## Ms. Dawn

### Target 1​

###### Lesson Type:

Continuation

Number Operation

:

Fractional Numbers

Convert between fractions, decimals, and percentages.

###### 1:

Describe the relationship between fractions, decimals, and percentages.

###### 2:

Convert fractions to decimals and decimals to fractions.

###### 3:

Identify the fractional equivalent of a percent.

4th

###### Vocabulary:

Fraction, Decimal, Percent, Covert, Equivalent

Activities:

1. Reviewed the idea of converting decimals to fractions and fractions to decimals. Students refreshed their memory about those concepts first.

2. After the review, we discussed percentage and the meaning. We talked about basic percentages of the denominator being 10 or 100. Then, we discussed different strategies on how to turn fractions into percents. We talked about how to break down each part of the whole and figure how much it is worth out of a hundred.

3. I had put a variety of task cards around the room dealing with converting fractions to decimals, fractions to percents, decimals to fractions, and decimals to percents.    ### Home Exploration

###### Guiding Questions: ## Absent Students:

### Target 2

:

###### 1:

Convert improper fractions to mixed numbers (and vice versa), understanding that both have “wholes” as a part of their quantity.

###### 2:

Understand the equivalent relationship between mixed numbers and improper fractions.

4th

###### Vocabulary:

Mixed Number, Improper Fraction, Convert, Equivalent, Whole, Parts of a whole, Numerator, Denominator

Activities:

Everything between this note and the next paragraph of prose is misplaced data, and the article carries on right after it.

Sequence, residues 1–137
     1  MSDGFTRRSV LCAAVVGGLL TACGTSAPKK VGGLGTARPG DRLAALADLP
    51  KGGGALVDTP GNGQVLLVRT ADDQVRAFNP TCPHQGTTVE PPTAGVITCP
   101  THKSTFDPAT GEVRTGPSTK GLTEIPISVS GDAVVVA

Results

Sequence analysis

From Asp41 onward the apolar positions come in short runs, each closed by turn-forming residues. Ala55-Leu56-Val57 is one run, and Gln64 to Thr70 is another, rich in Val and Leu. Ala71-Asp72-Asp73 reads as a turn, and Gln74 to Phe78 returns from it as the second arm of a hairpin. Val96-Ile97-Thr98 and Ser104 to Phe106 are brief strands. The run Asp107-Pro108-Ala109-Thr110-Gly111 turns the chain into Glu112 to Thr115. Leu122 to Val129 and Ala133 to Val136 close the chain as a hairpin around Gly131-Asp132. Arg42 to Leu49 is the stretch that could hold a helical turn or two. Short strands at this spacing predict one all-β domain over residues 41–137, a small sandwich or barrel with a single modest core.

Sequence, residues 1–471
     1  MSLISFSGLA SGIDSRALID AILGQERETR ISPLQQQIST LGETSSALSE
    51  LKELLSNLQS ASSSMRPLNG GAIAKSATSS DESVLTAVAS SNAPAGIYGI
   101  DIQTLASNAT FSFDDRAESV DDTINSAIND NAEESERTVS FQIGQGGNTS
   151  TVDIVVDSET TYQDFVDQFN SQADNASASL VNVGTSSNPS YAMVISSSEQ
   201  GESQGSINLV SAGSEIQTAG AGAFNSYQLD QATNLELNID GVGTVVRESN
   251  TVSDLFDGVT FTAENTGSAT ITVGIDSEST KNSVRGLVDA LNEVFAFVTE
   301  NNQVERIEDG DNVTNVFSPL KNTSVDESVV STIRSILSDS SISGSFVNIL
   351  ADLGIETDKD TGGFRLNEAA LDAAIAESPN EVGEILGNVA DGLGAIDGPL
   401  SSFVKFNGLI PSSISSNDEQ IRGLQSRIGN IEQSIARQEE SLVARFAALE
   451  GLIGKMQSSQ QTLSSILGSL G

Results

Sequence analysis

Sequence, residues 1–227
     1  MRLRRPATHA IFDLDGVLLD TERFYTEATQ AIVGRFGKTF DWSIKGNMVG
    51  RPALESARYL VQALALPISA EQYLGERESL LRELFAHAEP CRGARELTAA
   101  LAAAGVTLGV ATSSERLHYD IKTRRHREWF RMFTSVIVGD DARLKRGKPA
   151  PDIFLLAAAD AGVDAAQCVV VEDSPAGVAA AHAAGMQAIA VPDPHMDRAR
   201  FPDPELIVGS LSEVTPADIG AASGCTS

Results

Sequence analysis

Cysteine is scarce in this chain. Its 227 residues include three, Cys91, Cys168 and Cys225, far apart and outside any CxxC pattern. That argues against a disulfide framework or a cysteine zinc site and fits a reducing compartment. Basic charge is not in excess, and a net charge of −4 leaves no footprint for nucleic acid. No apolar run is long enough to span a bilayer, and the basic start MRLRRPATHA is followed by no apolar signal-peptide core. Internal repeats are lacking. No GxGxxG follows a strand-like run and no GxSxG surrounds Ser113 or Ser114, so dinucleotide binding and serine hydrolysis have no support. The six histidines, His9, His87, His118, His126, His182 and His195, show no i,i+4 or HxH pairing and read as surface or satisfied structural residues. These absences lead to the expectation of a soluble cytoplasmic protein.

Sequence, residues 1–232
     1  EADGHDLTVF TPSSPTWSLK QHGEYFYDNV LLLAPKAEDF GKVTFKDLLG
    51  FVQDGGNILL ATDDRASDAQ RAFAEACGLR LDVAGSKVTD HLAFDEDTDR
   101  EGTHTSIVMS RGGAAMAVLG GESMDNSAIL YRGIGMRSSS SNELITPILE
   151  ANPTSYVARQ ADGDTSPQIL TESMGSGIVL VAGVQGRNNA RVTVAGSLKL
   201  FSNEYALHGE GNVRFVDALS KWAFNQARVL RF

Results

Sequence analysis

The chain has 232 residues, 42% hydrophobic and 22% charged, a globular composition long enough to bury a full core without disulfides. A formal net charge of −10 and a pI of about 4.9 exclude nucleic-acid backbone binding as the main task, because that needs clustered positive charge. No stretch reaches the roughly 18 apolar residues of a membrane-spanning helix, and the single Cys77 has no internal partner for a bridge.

1. We discussed the terms "Mixed Number" and "Improper Fraction." Students realized that it is the same fraction, just written and stated differently.

2. Students learned strategies on how to convert a mixed number to an improper fraction and vice versa. They used the strategy like the shape of a "V" sideways. For converting the mixed number to an improper fraction, they learned to write the sideways "V," then write a multiplication sign on the bottom and a plus sign on the top part of the "V." It helped them process the steps, which made it easier. Then for the improper fraction to a mixed number, they also made a sidways "V." They got into the routine of asking themselves, how many times can the denominator go into the numerator without going over. Then, they would write that number above by the numerator and then subtract it. It became a habit to draw the "V" and write the symbols.

After a few practice problems on their whiteboard, we did a challenge with a variety of problems. It was a timed challenge. Students showed their understanding of coverting mixed numbers to improper fractions and vice versa.    ### Home Exploration

###### Guiding Questions: ### Target 3

:

###### Vocabulary:

Activities:    ### Home Exploration